Logan Howard, Senior Photographer

The Yale College class of 2028 will be selected from the College’s largest-ever applicant pool.

A total of 57,512 students sought admission to the class of 2028, marking a 10-percent increase in applications from last year. Within the pool, trends showed increased applications from first-generation and low-income students, in line with the admissions office’s goals of increasing outreach to those demographics. The pool will be the first to be evaluated since the fall of affirmative action last summer. If admitted, applicants will join the 709 students offered early admission to the class of 2028 in December.

“It is heartening to see that high-achieving students from all across the country and around the world are identifying Yale as a good fit in their college search process,” Jeremiah Quinlan, dean of undergraduate admissions and financial aid, wrote in an email to the News. “Attracting an excellent and diverse applicant pool is the first step in building a class filled with students whose strengths make Yale a better place to learn.”

Within the record-large applicant pool, applications from students from first-generation college students and students from neighborhoods with below-median household incomes increased disproportionately. The former increased 13 percent more than the overall pool and the latter increased 19 percent more.

Zooming out further, over the past decade, applications from first-generation students have increased at 1.5 times the rate of the overall applicant pool, and applications from students in lower-income neighborhoods increased by twice the overall rate in the past decade. 

Mark Dunn ’07, senior associate director for outreach and recruitment at the Office of Undergraduate Admissions, said that students from these backgrounds have been a priority in the admissions office’s outreach efforts for many years.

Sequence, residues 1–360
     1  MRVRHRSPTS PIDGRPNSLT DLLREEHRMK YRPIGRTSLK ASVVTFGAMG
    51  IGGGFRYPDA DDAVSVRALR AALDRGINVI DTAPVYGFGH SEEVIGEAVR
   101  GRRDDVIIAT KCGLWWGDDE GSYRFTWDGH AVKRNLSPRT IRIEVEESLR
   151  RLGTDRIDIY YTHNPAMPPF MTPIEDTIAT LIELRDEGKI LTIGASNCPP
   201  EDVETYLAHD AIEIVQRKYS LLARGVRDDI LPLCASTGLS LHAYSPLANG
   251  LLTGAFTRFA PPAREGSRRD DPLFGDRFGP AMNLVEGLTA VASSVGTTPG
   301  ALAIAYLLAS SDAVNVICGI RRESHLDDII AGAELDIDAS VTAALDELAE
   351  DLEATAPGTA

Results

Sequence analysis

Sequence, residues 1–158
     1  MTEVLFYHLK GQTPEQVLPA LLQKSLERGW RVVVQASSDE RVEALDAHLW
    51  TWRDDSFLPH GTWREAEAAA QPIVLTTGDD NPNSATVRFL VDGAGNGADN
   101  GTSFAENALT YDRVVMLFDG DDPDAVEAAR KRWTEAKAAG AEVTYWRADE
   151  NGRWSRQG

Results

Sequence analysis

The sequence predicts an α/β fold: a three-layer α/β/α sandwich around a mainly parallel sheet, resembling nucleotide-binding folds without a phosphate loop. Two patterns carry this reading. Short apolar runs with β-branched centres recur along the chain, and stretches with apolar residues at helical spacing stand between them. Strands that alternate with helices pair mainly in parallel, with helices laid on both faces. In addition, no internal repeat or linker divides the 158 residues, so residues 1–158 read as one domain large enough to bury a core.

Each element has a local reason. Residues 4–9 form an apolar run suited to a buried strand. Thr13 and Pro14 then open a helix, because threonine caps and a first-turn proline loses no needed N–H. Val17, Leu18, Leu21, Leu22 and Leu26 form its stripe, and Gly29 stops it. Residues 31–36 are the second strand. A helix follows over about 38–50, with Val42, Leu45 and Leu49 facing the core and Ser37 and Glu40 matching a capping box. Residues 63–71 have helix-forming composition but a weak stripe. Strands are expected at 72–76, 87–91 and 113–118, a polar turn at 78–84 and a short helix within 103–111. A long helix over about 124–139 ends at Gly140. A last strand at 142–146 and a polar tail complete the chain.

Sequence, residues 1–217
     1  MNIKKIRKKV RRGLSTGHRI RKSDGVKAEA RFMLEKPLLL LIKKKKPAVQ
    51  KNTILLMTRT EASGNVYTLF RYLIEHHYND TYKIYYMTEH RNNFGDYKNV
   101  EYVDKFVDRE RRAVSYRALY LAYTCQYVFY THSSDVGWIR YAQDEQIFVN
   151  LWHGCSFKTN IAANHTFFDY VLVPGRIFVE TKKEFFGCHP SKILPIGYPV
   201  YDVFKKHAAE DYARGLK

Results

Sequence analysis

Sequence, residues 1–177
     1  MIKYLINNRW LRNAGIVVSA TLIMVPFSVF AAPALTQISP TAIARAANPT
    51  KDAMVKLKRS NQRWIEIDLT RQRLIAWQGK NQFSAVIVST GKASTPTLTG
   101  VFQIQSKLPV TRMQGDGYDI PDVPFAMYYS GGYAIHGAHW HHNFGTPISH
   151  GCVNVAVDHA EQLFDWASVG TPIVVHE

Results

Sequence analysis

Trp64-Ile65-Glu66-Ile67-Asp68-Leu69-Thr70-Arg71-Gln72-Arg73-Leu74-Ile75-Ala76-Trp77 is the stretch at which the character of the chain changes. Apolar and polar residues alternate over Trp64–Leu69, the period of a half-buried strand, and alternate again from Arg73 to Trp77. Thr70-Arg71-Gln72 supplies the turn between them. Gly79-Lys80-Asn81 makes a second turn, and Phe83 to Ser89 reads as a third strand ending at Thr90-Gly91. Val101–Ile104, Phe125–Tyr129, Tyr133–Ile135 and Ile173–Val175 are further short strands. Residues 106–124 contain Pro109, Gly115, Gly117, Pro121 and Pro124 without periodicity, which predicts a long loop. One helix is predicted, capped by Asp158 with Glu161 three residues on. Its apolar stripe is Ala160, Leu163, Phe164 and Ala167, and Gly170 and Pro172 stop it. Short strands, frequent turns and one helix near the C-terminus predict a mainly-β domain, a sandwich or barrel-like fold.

Applicants who applied to enroll in the fall of 2020, or to join the class of 2024, were the last class to apply before the COVID-19 pandemic and before the start of Yale’s extended test optional policy

In the three application cycles since the pandemic —  those for students applying to join the classes of 2025, 2026 and 2027 — applications from international students grew at three times the rate of domestic students.

But this year, applications from both domestic and international students increased at the same rate, for the first time since the pandemic, according to Dunn. 

Dunn emphasized that a large applicant pool does not necessarily indicate successful outreach by the admissions office.

The strength of the pool is instead measured by the applicants’ academic strength and diversity of experiences, he said, which can only be revealed through the office’s whole-person review.

“I think the trends we’ve seen in our applicant pool and our incoming first-year class strongly suggest that our messaging about Yale’s extraordinary need-based financial aid is reaching more high-achieving students from lower-income backgrounds than ever before,” Dunn wrote in an email to the News. “I also believe students of all backgrounds are drawn to Yale’s diverse and supportive community, its rigorous but flexible liberal arts program, and its extraordinary academic resources.” 

The Supreme Court ruled to end affirmative action in higher education on June 29, 2023.

Molly Reinmann covers Admissions, Financial Aid & Alumni for the News. Originally from Westchester, New York, she is a sophomore in Berkeley College majoring in American Studies.